The diagnosis of ARS can be difficult to make because ARS causes no unique disease. Also, depending on the dose, the prodromal stage may not occur for hours or days after exposure, or the patient may already be in the latent stage by the time they receive treatment, in which case the patient may appear and feel well when first assessed. If a patient received more than 0.05 Gy (5 rads) and three or four CBCs are taken within 8 to 12 hours of the exposure, a quick estimate of the dose can be made (see Ricks, et. al. for details). If these initial blood counts are not taken, the dose can still be estimated by using CBC results over the first few days. It would be best to have radiation dosimetrists conduct the dose assessment, if possible. If a patient is known to have been or suspected of having been exposed to a large radiation dose, draw blood for CBC analysis with special attention to the lymphocyte count, every 2 to 3 hours during the first 8 hours after exposure (and every 4 to 6 hours for the next 2 days). Observe the patient during this time for symptoms and consult with radiation experts before ruling out ARS. If no radiation exposure is initially suspected, you may consider ARS in the differential diagnosis if a history exists of nausea and vomiting that is unexplained by other causes. Other indications are bleeding, epilation, or white blood count (WBC) and platelet counts abnormally low a few days or weeks after unexplained nausea and vomiting. Again, consider CBC and chromosome analysis and consultation with radiation experts to confirm diagnosis. Acute Radiation Syndrome: A Fact Sheet for Physicians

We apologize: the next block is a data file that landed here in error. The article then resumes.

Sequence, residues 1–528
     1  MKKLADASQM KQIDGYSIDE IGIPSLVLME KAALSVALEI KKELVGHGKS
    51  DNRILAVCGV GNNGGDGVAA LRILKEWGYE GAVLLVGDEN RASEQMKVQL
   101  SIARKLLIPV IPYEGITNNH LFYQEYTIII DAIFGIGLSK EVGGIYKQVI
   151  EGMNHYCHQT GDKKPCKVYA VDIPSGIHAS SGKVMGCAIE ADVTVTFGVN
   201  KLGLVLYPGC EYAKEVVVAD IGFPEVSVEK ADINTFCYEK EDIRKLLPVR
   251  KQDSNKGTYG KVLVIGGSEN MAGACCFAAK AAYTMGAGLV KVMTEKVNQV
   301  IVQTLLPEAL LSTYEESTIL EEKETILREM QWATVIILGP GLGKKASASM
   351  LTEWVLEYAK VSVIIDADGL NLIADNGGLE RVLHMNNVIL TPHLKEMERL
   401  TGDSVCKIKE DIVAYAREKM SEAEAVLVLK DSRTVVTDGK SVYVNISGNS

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Initial Treatment and Diagnostic Evaluation
Treat vomitid repeat CBC analysis with special attention to the lymphocyte count every 2 to 3 hours
for the first 8 to 12 hours after exposure (and every 4 to 6 hours for the following 2 or 3 days). Sequential changes in absolute lymphocyte counts over time are demonstrated below in the Andrews Lymphocyte Nomogram (see Figure 1). Precisely record all clinical symptoms, particularly nausea, vomiting, diarrhea, and itching, reddening or blistering of the skin. Be sure to include time of onset. Figure 1: Andrews Lymphocyte Nomogram